Running back has been a point of focus all offseason for the Louisville football team, but most of luck that focus has been on the five-headed monster at tailback. But as Jody Demling points out, some of that national attention might eventually shift to the guy clearing the path for Brown, Perry, Dyer and company.
The story of Griffin Uhl first started to make its way around the sports world during the winter of 2012. He was the athletic freak whose high school didn't have a football team, but who still wanted to play the sport at the college level.
Schuman understood. But he made sure the Uhl family internalized one unmistakable fact. Although Griffin was in the top one percent of players that Schuman scouted, he only saw Uhl in shorts and a T-shirt, not pads and a uniform. While there was no denying his potential, there was no way of confirming it, either.
"Top one percent in shorts and T-shirts usually translates into being top one percent on the field," Schuman said. "But not always. That's the issue."
Despite wowing coaches at a number of camps, Uhl never wound up receiving a college scholarship (not playing high school football makes for a pretty difficult sell), but was told by the staff at U of L that he could join the team as a preferred walk-on. He accepted the offer.
Uhl then virtually disappeared from the news, spending last season as a redshirt defensive lineman, hoping to learn and improve enough to see the field at some point down the line in his Cardinal career.
That chance may come sooner than anyone thought, and at a position no one was expecting.
The recent move of B.J. Buter, who started fall camp as Louisville's No. 1 fullback, to tight end left a number of Cardinal fans scratching their heads. U of L already had depth and talent at the tight end, something which couldn't be said for the spot Butler was leaving.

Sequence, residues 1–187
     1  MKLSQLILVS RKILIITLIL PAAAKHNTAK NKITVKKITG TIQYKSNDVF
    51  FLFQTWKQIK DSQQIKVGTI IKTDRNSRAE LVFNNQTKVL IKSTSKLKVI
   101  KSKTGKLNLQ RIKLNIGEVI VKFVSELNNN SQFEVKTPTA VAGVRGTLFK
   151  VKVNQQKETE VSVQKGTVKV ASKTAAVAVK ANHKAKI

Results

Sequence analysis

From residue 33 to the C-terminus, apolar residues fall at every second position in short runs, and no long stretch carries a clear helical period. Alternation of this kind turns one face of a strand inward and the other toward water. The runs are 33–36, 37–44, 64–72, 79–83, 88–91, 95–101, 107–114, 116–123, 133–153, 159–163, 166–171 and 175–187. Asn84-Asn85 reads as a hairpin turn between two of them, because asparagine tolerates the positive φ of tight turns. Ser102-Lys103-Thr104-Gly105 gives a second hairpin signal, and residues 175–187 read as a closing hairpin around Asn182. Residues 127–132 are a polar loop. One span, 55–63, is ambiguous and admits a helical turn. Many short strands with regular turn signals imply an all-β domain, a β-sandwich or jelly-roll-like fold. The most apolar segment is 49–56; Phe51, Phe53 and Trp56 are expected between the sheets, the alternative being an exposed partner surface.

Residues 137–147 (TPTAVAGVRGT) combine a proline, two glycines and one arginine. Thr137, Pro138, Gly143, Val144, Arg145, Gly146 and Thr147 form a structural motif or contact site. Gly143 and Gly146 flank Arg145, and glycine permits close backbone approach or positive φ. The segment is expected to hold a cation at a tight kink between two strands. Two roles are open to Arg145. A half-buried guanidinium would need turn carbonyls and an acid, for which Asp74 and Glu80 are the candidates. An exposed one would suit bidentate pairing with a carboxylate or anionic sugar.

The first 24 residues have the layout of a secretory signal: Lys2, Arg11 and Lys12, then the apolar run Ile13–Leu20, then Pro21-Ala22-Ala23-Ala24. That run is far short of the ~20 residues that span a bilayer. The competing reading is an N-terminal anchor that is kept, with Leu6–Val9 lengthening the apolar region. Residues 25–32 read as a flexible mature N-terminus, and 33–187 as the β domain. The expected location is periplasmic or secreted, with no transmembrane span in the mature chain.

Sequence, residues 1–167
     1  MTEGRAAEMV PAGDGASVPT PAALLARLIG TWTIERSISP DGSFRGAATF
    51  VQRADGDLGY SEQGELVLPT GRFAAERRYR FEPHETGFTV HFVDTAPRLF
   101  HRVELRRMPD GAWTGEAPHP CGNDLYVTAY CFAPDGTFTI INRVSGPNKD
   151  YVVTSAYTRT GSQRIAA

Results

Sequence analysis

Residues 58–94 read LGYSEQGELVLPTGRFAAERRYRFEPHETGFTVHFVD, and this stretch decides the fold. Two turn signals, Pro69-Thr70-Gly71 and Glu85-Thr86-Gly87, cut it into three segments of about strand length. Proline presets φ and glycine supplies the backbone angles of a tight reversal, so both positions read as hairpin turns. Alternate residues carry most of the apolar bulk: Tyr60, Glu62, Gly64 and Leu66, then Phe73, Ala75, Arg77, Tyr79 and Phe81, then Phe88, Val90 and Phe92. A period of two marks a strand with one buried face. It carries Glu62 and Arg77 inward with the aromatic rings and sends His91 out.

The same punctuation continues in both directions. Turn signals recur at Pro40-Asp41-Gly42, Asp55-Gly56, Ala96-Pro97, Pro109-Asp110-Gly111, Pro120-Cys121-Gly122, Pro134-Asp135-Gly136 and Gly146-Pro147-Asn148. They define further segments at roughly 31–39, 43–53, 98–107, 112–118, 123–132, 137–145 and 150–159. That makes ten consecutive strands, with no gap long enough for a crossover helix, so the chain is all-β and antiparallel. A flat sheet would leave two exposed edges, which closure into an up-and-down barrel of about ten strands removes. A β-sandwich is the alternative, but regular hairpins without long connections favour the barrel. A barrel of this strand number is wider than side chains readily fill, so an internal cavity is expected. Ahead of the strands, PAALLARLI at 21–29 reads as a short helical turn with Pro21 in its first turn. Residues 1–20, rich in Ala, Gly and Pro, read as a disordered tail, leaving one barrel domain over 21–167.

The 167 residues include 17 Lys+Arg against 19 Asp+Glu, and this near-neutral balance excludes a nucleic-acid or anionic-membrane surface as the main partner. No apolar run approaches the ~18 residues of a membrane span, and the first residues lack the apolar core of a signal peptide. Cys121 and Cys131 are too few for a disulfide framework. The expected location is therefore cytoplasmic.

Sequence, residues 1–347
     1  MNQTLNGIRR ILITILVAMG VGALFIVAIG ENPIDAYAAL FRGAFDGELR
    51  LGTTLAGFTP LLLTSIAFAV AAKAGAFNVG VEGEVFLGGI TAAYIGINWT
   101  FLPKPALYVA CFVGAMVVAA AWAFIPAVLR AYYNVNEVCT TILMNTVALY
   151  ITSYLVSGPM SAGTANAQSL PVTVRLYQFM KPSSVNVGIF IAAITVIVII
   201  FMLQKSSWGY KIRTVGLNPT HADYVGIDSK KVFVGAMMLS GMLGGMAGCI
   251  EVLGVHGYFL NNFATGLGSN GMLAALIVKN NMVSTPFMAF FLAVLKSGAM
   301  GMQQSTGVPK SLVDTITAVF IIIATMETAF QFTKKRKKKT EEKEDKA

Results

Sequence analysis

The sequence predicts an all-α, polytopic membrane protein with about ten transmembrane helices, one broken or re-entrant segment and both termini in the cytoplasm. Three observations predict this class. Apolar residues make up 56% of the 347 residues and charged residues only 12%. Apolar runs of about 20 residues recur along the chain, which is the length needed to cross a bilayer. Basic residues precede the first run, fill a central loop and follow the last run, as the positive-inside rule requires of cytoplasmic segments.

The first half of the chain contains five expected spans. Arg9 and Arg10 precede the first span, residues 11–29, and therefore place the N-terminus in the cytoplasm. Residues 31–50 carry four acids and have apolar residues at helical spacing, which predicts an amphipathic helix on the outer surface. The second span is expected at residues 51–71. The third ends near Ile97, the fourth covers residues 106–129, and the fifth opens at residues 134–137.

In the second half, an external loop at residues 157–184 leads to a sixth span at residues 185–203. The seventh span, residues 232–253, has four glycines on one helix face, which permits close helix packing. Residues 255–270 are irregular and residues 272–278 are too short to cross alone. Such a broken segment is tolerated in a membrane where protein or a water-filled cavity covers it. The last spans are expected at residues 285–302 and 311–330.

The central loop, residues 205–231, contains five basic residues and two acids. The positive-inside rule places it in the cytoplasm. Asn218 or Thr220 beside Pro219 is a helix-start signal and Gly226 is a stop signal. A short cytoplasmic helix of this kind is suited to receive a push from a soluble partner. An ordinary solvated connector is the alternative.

Apparently at least part of the answer lies with Uhl.
Called perhaps the "surprise of the whole season," by U of L offensive coordinator Shawn Watson, Uhl is currently running No. 1 on the depth chart at fullback for the Cardinals.
"We'll see how the story unfolds, but he could be the surprise of the whole season," Watson said. "He's a 265-pound fullback. We didn't know exactly where to play him. He's a willing soul, who is very physical."
The 6-foot-2, 267-pound Uhl was forced to walk-on at U of L after his high school - Henryville, Ind., - didn't offer the sport of football. He played in a nearby community league and went to camps to try and get notices.
"I just don't quite understand what that is," Watson said with a chuckle. "He's told me about it and I still can't quite get it. He didn't have a whole lot of football background. But let me tell you, when he blocks you, he finishes you."
Just another thing to be really excited about.